Vinyl Corner : Gomez ‘Liquid Skin’

Vinyl Corner is a feature where we take a look at vinyl pressings of various albums and weigh them up to see just how good they sound, how well they’re pressed and what sort of packaging to expect – as well as giving a brief overview of the music itself. This time around, we’re receiving a blast from the past in the form of a new reissue from UK indie stalwarts Gomez.

The Music:

When ‘Bring It On’, Gomez’s 1998 debut, hit the scene more than two decades ago, it must have come as a breath of fresh air. Although it is to a degree a product of its time, the album shines even now by virtue of its sheer imagination and quality of execution. 1999’s rapidly-delivered follow-up, ‘Liquid Skin’, must have seemed no less of a joy upon its original release, not only for its quality but also for the fact that it successfully expanded upon a wildly successful debut so soon after its release. Reissued for its twentieth anniversary, ‘Liquid Skin’s intricate soundscapes and thickly layered arrangements feel no less intoxicating now than they must have then. Compared with their rootsy, folk-blues influenced debut, their sophomore outing is heavier on electronics and glitchy drum machines, giving the album a distinctly different mood to its predecessor. The tone here is a heady one, and superb production and arrangements only embellish this further. The album was a substantial success upon its original release and remains a firm fan favourite to this day, with ‘Revolutionary Kind’ and ‘We Haven’t Turned Around’ particular highlights, the latter’s Floydian delights making for the band’s one true lighters-in-the-air moment.

The Pressing:

‘Liquid Skin’ received a one-time vinyl pressing upon its original release but hasn’t been available on the format since. Record sales were sluggish at the time, so original pressings have long been a scarcity demanding uncomfortably high premiums. This new twentieth anniversary reissue, then, provides the first opportunity most – even long-term fans – will have had to acquire the album on wax. Much like the 2018 reissue of ‘Bring It On’ (reviewed for Vinyl Corner here), this reissue has been pressed by France’s MPO. They’re an in-demand manufacturer and their output is usually excellent, but they’re not above producing the occasional duffer. This reissue is available in both standard black and limited edition transparent vinyl; we’re reviewing the latter here, but both should sound the same. Initial signs are promising on this release. The milky clear vinyl looks fantastic and both discs are substantial slabs of heavyweight wax. They also sit flat and warp-free on the platter when spinning, which isn’t necessarily something that can be taken for granted with new vinyl releases anymore. Upon playback, we did notice some moderate surface noise on side A; with this, the stylus was lifted and the record was given a thorough cleaning. Playback improved considerably after that, with only a very minor noise floor just-audibly coming through during a few of the quieter sections. While it isn’t ideal for the cleaning of new LPs to be a necessity, it is an increasingly common requirement, so ‘Liquid Skin’ certainly isn’t alone here. In general, playback is really tidy once the necessary preparations have been made, with sound free of pops and clicks and bearing only a few unobtrusive background crackles now and then. Sonically, this reissue is a treat; clearly the album was well recorded in the first place but, even so, this rerelease shines. It was remastered at Abbey Road and that process has brought out every last detail in the soundscape. The guitars shimmer with detail, the vocals swoop and soar realistically and the drum parts burst through the mix with huge presence.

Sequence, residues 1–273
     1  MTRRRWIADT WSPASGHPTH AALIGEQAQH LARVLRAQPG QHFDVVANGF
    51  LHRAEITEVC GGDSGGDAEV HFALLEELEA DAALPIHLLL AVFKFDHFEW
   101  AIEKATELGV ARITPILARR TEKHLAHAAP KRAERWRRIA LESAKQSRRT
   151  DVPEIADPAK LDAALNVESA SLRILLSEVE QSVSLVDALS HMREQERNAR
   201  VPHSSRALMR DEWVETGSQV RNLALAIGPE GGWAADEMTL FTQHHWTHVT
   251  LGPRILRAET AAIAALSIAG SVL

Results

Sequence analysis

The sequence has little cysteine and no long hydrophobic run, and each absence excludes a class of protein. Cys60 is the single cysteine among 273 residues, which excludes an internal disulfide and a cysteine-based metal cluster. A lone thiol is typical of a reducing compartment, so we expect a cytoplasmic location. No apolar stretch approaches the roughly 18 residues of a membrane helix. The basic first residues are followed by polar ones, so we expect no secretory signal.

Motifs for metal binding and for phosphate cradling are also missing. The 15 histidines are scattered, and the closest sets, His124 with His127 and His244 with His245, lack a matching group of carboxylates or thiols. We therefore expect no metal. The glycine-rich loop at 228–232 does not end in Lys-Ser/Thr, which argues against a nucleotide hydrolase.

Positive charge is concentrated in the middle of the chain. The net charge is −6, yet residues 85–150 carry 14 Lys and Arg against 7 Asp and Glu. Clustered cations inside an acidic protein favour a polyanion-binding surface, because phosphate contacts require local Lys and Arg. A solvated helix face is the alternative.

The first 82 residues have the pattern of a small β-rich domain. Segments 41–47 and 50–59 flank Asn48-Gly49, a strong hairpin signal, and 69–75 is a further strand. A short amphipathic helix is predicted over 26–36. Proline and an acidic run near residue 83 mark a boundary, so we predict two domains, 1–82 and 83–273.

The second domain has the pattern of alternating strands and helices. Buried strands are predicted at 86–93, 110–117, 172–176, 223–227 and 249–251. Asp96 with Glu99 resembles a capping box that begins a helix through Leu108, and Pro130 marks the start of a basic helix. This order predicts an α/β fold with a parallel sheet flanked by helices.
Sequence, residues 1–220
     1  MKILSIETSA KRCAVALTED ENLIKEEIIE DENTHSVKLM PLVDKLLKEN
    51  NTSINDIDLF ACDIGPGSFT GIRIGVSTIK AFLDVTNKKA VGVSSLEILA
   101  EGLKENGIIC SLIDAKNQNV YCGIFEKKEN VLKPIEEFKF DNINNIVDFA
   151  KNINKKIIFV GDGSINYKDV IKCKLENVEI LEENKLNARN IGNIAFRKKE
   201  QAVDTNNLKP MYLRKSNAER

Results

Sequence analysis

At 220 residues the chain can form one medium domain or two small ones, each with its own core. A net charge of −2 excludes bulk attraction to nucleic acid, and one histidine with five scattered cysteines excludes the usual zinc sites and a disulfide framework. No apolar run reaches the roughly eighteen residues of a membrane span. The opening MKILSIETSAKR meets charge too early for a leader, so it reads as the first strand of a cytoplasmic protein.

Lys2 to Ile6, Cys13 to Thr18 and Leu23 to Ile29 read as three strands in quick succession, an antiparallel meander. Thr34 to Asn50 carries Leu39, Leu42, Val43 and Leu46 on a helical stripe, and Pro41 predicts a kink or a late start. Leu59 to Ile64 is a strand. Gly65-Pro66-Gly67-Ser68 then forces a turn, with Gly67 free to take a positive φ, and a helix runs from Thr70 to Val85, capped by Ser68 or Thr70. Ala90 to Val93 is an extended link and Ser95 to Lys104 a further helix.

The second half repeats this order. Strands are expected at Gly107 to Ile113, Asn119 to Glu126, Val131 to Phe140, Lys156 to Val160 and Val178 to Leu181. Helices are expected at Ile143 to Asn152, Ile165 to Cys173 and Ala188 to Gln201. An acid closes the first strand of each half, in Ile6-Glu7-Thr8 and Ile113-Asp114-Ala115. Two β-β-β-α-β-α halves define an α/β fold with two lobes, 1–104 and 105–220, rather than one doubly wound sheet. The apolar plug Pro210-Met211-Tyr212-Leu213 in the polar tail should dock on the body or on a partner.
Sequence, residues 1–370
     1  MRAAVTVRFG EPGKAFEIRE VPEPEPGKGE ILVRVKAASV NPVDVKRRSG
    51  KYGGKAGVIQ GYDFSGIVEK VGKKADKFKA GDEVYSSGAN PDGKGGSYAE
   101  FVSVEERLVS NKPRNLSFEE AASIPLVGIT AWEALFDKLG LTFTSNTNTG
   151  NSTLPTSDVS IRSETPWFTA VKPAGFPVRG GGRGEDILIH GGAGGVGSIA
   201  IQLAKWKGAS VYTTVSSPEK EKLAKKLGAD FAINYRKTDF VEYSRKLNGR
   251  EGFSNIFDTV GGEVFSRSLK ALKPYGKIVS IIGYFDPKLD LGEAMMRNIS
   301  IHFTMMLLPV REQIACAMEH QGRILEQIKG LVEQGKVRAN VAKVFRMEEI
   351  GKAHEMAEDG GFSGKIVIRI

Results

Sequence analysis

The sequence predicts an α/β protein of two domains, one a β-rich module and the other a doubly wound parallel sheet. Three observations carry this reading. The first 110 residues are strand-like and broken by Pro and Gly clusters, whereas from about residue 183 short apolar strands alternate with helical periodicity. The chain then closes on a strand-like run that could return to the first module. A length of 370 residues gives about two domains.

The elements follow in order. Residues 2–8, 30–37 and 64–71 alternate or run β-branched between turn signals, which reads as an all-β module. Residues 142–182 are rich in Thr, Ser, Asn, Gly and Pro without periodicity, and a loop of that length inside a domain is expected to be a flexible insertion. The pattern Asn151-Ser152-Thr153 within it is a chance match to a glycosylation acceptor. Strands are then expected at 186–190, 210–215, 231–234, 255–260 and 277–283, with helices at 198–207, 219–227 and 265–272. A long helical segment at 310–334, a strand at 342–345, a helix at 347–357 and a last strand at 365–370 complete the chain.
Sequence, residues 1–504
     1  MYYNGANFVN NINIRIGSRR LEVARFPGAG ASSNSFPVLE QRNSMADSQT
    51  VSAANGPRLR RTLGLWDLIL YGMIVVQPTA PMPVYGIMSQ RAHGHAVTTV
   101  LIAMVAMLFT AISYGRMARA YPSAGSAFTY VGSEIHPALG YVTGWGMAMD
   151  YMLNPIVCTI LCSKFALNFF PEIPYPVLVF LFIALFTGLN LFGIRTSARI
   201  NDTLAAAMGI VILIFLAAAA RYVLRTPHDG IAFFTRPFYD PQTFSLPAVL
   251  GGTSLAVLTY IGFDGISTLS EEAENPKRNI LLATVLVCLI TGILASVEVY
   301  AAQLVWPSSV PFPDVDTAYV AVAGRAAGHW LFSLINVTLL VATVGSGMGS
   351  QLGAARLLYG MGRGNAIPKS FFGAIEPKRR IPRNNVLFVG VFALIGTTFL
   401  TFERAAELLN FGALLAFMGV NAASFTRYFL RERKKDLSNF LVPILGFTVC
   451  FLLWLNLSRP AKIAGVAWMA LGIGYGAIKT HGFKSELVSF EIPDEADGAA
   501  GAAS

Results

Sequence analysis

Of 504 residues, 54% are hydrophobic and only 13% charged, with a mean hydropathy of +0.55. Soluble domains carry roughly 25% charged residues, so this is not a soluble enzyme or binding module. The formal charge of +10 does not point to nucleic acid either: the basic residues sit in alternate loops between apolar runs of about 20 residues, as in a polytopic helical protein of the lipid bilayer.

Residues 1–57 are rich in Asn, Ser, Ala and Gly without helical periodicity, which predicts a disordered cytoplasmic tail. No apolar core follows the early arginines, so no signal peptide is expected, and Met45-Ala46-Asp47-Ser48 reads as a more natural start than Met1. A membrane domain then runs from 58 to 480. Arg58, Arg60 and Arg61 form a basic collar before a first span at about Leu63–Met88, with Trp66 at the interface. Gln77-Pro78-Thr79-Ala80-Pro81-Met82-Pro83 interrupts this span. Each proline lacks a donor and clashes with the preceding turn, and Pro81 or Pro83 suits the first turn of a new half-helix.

The Packaging:

Just as with last year’s reissue of ‘Bring It On’, the twentieth anniversary outing of ‘Liquid Skin’ faithfully reproduces the sumptuous packaging of the original release. The fantastic cover art is presented in beautiful form here, with rich colours and excellent image quality. The layout and art direction is extremely slick and remains near-identical to the original release. The sleeve is gatefold but not designed in the traditional way. It is a unipak design – a rare form of sleeve where the record pocket opens inwards, towards the spine. The textured cardstock used to produce the sleeve adds a pleasing extra dimension to the physical presentation and the inclusion of two good quality printed card inner sleeves is also a welcome bonus. It would have been nice had these sleeves included lyrics instead of just images but they replicate those of the original release, which is ultimately the right decision. The labels also accurately reproduce those of the original release, so full marks should be given to the presentation of this reissue for remaining so faithful to the first pressing. A download code is also included.

Final Thoughts:

This is a great reissue of a long in-demand album. Once the records have been cleaned, playback becomes tidy and highly enjoyable throughout, and the sonics are superb. Packaging and presentation is also excellent and, all in all, this comes as a highly recommended reissue.

Enjoyed this feature? We’re always looking for further albums to highlight on Vinyl Corner – and if you have a vinyl release that you’d love to see written about here, please get in touch at – it would be great to hear from you!